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Flying with Firearms – A Guest Post By Mike

Posted by Lissa on September 17, 2010

When I told Lissa about a recent airport experience while traveling with firearms, she asked that I write up a little bit about it because her impression is that most people don’t realize how easy it really is.  Until I had done it myself, I didn’t either!

I found a great resource that has a lot of great tips (some is pretty basic, like don’t walk up and announce loudly, “I have a gun,” but it is very useful overall): http://deviating.net/firearms/packing/

My first time was a pretty nerve-wracking experience.  I had an early AM flight out of Boston and took a taxi far earlier than normal because I really didn’t know what to expect at the airport and I wanted to allow plenty of time for secondary screening and the like.   When I arrived at the ticket counter, I mumbled that I needed the form to declare a firearm.  At the next counter over, a state trooper was berating some poor chap who’d left his luggage unattended, while I was maybe six feet away talking about guns and signing the bright orange form that’s quite hard to mistake once you’ve seen one.  He never looked up.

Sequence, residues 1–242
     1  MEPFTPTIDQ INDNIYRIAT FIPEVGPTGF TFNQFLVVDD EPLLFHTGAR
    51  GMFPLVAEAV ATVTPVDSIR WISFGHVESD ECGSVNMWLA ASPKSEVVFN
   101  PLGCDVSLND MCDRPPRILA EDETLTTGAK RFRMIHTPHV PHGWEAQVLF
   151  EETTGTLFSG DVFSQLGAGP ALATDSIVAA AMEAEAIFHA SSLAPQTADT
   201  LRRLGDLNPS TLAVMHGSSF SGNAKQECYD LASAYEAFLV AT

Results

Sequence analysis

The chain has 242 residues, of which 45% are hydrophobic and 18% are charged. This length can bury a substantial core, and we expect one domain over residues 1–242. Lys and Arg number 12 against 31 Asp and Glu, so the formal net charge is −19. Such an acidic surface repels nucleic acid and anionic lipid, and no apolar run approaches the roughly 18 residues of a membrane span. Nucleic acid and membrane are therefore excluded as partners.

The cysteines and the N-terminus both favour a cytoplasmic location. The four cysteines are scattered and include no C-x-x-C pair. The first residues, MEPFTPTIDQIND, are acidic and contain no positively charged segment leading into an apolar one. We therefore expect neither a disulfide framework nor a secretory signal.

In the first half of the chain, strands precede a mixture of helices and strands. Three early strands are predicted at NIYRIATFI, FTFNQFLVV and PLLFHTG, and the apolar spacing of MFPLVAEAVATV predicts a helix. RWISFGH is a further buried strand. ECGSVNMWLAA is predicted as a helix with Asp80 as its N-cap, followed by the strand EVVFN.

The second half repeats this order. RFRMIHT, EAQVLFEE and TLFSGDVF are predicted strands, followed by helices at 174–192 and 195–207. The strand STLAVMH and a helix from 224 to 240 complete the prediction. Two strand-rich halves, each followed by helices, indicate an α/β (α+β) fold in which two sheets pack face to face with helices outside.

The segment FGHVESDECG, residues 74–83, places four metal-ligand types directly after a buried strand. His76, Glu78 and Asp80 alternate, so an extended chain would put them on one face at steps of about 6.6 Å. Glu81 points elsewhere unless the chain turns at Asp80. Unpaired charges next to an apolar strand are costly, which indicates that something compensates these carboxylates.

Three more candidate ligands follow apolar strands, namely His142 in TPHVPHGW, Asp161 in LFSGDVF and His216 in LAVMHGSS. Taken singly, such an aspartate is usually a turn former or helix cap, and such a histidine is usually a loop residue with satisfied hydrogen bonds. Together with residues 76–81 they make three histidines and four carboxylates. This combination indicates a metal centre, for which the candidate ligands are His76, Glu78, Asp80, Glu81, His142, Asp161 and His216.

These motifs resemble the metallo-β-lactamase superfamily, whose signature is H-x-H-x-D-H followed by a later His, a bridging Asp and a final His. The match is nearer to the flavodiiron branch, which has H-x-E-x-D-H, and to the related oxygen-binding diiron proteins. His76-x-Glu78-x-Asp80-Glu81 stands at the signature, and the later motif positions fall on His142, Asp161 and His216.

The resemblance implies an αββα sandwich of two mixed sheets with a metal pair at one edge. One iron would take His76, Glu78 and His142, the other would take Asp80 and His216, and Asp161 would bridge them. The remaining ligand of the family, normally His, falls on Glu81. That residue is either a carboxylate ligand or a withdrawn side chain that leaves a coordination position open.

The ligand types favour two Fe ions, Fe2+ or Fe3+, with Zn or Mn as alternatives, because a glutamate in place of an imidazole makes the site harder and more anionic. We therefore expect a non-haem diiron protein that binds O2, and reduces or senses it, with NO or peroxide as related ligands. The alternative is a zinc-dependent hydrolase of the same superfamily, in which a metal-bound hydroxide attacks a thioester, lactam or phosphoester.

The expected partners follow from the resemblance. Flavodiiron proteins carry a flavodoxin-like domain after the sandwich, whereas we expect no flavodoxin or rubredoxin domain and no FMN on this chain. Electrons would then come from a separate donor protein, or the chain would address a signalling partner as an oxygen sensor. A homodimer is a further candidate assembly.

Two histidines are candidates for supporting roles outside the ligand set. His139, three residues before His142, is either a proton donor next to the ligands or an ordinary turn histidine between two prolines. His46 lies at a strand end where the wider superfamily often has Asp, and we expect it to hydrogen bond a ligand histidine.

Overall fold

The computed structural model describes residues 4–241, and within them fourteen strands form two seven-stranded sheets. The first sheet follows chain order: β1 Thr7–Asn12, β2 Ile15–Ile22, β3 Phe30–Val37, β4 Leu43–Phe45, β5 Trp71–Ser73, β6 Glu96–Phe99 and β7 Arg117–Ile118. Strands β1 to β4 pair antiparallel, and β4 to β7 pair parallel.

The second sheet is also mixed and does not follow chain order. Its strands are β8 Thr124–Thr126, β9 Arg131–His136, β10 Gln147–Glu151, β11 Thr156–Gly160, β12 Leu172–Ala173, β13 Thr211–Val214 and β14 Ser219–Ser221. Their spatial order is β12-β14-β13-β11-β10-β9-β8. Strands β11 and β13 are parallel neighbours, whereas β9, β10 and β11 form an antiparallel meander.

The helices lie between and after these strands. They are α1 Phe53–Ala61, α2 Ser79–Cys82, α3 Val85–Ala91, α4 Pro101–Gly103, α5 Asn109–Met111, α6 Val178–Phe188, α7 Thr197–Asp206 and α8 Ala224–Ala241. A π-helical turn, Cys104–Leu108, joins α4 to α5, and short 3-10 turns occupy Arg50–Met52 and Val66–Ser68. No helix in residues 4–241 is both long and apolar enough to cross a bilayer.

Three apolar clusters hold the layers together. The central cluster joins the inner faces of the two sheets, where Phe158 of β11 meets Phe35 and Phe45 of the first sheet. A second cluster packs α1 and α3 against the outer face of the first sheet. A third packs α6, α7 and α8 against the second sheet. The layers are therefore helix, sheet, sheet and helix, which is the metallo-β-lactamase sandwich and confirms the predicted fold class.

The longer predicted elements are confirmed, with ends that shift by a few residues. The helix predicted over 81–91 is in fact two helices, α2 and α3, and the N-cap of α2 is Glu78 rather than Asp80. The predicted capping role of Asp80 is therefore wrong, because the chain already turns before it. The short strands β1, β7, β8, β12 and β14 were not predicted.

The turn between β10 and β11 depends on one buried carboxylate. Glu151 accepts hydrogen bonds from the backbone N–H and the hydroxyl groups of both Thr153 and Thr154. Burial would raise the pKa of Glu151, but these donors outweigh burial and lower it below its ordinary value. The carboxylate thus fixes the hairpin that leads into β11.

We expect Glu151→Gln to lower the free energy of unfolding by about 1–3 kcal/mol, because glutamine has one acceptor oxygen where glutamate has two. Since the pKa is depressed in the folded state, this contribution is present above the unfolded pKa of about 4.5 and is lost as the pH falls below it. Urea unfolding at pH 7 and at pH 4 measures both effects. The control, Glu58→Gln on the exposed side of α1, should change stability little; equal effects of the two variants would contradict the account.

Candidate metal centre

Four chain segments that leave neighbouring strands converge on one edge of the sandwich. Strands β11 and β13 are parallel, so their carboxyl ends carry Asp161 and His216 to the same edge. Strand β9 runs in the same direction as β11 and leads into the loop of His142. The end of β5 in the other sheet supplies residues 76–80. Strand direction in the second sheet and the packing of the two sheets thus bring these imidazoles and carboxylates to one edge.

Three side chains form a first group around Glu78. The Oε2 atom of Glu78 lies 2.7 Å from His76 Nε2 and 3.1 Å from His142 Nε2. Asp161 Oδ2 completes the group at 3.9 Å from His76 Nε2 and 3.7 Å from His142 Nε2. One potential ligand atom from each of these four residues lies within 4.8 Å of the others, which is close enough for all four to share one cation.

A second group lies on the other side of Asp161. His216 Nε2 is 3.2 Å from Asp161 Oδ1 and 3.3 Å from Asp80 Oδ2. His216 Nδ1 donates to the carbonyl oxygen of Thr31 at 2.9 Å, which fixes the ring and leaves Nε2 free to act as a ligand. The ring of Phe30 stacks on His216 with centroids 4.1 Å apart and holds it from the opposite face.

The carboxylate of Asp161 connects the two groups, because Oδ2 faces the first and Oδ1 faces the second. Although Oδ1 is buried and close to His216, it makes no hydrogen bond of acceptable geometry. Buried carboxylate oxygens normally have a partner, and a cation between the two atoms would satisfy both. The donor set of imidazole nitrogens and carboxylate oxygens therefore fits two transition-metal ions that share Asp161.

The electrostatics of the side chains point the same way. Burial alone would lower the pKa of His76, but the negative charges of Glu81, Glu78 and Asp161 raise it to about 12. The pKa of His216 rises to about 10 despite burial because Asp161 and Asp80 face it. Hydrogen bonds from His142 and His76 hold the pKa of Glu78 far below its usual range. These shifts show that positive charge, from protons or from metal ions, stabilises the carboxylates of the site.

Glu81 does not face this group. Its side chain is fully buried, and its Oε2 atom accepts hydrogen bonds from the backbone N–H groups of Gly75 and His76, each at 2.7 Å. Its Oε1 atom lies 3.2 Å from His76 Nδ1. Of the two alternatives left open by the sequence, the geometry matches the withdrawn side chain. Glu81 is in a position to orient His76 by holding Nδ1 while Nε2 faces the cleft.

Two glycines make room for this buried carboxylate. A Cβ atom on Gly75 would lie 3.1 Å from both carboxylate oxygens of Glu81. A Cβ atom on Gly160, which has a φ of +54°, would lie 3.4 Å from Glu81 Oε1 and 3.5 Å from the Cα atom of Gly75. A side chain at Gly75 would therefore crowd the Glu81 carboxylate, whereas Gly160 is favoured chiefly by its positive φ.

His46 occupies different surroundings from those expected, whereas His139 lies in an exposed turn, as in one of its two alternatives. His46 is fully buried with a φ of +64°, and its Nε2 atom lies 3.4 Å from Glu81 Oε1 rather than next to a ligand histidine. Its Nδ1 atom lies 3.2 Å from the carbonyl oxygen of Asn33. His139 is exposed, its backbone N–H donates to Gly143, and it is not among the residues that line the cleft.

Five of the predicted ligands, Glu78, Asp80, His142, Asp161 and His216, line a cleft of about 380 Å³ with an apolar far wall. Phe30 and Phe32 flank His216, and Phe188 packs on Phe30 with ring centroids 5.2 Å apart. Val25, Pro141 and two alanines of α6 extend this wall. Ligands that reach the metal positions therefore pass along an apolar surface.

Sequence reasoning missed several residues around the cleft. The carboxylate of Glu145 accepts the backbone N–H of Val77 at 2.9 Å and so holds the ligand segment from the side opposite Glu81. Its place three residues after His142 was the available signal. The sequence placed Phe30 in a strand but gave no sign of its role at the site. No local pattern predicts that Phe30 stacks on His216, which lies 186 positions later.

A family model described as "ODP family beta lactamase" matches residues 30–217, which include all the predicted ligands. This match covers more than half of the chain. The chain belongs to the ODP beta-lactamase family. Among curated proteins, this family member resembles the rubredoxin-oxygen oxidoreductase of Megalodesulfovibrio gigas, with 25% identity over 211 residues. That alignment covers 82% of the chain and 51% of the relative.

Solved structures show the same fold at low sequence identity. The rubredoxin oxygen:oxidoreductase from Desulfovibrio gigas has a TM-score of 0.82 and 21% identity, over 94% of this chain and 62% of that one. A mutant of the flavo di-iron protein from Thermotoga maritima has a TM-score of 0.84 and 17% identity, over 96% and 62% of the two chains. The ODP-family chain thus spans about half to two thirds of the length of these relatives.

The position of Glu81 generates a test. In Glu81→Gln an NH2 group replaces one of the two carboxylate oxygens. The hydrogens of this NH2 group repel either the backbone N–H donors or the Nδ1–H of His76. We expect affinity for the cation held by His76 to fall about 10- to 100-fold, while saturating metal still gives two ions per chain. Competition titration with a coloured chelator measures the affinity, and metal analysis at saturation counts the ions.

Once I’d checked in—they count a gun case as a checked bag, so you may have to pay, depending on your situation—an airline baggage handler escorted me to a table off to the side of the security lines and ducked through a door to fetch someone from TSA.  She came out, looked in the case—including under the foam to make sure I didn’t have any contraband—and pronounced it fine.  I locked it with regular combination locks—NOT TSA LOCKS*—and she took it off into the back to have it find its way aboard my plane.

At the other end, because the bright orange tag I’d signed saying my guns were unloaded was affixed to the case, I had to claim it at the baggage office and show a photo ID.  It turns out this isn’t supposed to be how it works, but the nice TSA lady put the tag there, so it wound up getting special handling.  Federal law (http://cfr.vlex.com/vid/31-delivery-common-contract-carrier-19675270) says there shouldn’t be any identifying labels when guns are being transported this way.  Sure, gun cases may look like gun cases, but most people won’t make you because they don’t expect guns in airports.